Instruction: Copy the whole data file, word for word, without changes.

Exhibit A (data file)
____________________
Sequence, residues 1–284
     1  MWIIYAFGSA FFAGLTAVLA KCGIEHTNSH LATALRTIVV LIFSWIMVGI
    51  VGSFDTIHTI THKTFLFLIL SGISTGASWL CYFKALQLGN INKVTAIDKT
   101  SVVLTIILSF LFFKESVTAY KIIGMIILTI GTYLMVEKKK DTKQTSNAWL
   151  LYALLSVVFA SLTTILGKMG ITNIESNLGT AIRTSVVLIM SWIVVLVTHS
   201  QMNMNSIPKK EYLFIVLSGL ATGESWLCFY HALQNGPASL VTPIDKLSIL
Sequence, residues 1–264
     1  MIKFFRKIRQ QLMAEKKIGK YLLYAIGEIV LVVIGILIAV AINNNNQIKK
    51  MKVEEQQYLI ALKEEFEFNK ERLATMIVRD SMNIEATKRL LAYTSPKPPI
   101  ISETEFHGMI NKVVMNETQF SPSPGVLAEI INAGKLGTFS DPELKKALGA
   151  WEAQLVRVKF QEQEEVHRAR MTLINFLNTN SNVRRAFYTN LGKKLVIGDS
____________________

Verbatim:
Sequence, residues 1–284
     1  MWIIYAFGSA FFAGLTAVLA KCGIEHTNSH LATALRTIVV LIFSWIMVGI
    51  VGSFDTIHTI THKTFLFLIL SGISTGASWL CYFKALQLGN INKVTAIDKT
   101  SVVLTIILSF LFFKESVTAY KIIGMIILTI GTYLMVEKKK DTKQTSNAWL
   151  LYALLSVVFA SLTTILGKMG ITNIESNLGT AIRTSVVLIM SWIVVLVTHS
   201  QMNMNSIPKK EYLFIVLSGL ATGESWLCFY HALQNGPASL VTPIDKLSIL
Sequence, residues 1–264
     1  MIKFFRKIRQ QLMAEKKIGK YLLYAIGEIV LVVIGILIAV AINNNNQIKK
    51  MKVEEQQYLI ALKEEFEFNK ERLATMIVRD SMNIEATKRL LAYTSPKPPI
   101  ISETEFHGMI NKVVMNETQF SPSPGVLAEI INAGKLGTFS DPELKKALGA
   151  WEAQLVRVKF QEQEEVHRAR MTLINFLNTN SNVRRAFYTN LGKKLVIGDS